On January 7, Chinese Foreign Ministry spokesperson Hua Chunying tweeted, without comment, a 2019 video entitled “Mobs storm Hong Kong’s Legislative Council.” The video shows black-clad, umbrella-wielding groups breaking glass doors to storm into Hong Kong’s legislative building, where they defaced the Hong Kong government seal and committed other acts of vandalism. The event occurred on July 1, 2019, during the height of Hong Kong’s anti-extradition bill protests
From her tweet alone, it wasn’t immediately apparent why Hua was bringing up events from a year and a half ago. But given the context, it’s safe to assume Hua was drawing an unspoken parallel between the break-in to LegCo in 2019 and the storming of the U.S. Capitol Building on January 6, 2021. A pro-Trump protest, after hearing from President Donald Trump himself, turned into a violent mob, forcing their way into the Capitol in an attempt to prevent Congress from giving its ceremonial approval to President-elect Joe Biden’s victory in the 2020 election.
Hua’s comments in the January 7 press briefing made the Hong Kong-DC parallel explicit. Prompted by a question from a reporter asking for her thoughts on the comparison, Hua didn’t hold back:
You mentioned the unrest in Hong Kong. On July 2019, radical and violent protesters in Hong Kong broke into the Legislative Council, ransacking the main chamber, smashing facilities, tossing toxic liquid and powder at police officers, and even biting off one police officer’s finger and stabbing another. But the Hong Kong police showed maximum restraint and professionalism and no protester ended in death. You mentioned that there were already four deaths in Washington in what was less violent and destructive than the case in Hong Kong.
If you still remember how some U.S. officials, lawmakers and media described what’s happened in Hong Kong, you can compare that with the words they’ve used to describe the scenes in Capitol Hill. I made a note of some words they used. They all condemned it as “a violent incident” and the people involved as “rioters”, “extremists” and “thugs” who brought “disgrace.” Now compare that with what the Hong Kong violent protesters were called, like “a beautiful sight” [a reference to a comment by House Speaker Nancy Pelosi] you brought up and “democratic heroes.” They said that “American people stand with them.”
What’s the reason for such a stark difference in the choice of words? Everyone needs to seriously think about it and do some soul-searching on the reason.
My colleague Abhijnan Rej, in his trenchant analysis of the storming of the Capitol, wrote that “Every time the U.S. would seek to bring a Xi or Duterte or Bolsonaro into line, strongmen will retort with descriptions of how Trump’s militia literally brought American lawmakers to their knees as they sought to uphold the people’s will.” That’s true, but Hua’s comments reveal another, equally troubling dynamic at play as well: The Chinese Communist Party (and other authoritarian governments the world over) can point to the clearing of the U.S. Capitol – by police as well as the National Guard, with four fatalities reported – to justify their own treatment of protesters.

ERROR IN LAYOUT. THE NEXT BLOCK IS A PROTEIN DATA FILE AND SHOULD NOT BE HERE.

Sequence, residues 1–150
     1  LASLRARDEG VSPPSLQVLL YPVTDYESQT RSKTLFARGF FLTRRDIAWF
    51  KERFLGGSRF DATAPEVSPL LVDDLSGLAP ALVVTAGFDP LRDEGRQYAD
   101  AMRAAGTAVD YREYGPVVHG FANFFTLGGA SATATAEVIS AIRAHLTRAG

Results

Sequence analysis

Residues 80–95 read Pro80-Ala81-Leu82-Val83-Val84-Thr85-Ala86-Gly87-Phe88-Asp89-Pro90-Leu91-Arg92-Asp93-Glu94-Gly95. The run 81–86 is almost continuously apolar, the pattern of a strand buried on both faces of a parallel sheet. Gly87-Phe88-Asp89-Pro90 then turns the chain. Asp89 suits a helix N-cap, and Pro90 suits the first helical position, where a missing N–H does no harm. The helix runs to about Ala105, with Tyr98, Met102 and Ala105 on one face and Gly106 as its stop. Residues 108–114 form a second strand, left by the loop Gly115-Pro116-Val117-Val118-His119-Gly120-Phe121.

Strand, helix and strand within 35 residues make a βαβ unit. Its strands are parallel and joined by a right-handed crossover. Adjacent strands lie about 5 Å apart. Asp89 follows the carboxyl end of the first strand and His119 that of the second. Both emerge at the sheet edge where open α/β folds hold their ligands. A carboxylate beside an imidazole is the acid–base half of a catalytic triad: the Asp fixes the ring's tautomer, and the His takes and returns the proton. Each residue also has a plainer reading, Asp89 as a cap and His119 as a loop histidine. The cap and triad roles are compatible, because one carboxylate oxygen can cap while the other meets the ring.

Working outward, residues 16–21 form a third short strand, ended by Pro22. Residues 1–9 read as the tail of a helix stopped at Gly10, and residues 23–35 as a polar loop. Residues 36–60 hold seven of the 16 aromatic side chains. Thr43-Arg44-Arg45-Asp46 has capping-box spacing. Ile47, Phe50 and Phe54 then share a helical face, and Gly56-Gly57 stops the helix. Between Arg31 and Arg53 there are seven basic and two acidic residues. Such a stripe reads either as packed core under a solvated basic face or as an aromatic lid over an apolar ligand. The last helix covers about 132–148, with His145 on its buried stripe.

There’s no small irony in the fact that, also on January 6, Hong Kong arrested 53 pro-democracy politicians and activists for “subversion,” alleging a plan “to paralyze the government and seriously interfere in, disrupt and undermine the performance of government duties and functions, and compel the Central People’s Government [in Beijing] and the HKSAR [Hong Kong Special Administrative Region] Government.” Those arrested in Hong Kong had committed the supposed crime of contesting an election, with a plan to win a legislative majority and blueprint for how to use that power. The mob at the U.S. Capitol, meanwhile, showed what subversion with the intent “to paralyze the government” actually looks like by using violence to forcefully adjourn the U.S. Congress to prevent it from carrying out official duties.
If U.S. media, rightfully, is refusing to legitimize the mob of January 6, 2021 as “protesters,” then Hua and other will claim the right to label dissenters at home “insurrectionists.”
In separate comments, Hua suggested that the chaos at the U.S. Capitol on January 6 would help China, both abroad and at home.
On the foreign policy front, China seems intent on using the violence – which has cast an indelible stain on the U.S. as a whole, but particularly on Trump and his close allies – to discredit the Trump administration’s China policy. That includes Beijing’s personal bete noire, Secretary of State Mike Pompeo, who has been particularly bombastic in his criticisms of China, even as the clock ticks down on his tenure.
“A handful of anti-China politicians in the #US have been staging a final show of madness,” she said on Twitter. “They’ll stop at nothing to sabotage China-US relations for selfish gains. Such acts will surely be punished by history. The #US shall pay a heavy price for its wrong actions.” The violence at the Capitol thus becomes delegitimizing for the Trump administration’s China policy, as the same actors are responsible for both.
Hua also suggests, as many analysts expected Chinese officials would, that the chaos is more evidence that democracy is inherently messy and unstable – and thus that China’s authoritarian system is preferable. If and when Chinese people seek a voice in politics, CCP officials can point to the events of January 6 in the U.S. to justify keeping tight control.
“Thank you, Mr. #Pompeo, for this vivid lesson,” Hua added to her Twitter thread. “Thanks to it, we #Chinese cherish our life & love our country even more. We are also more convinced that the path we’ve chosen is correct.”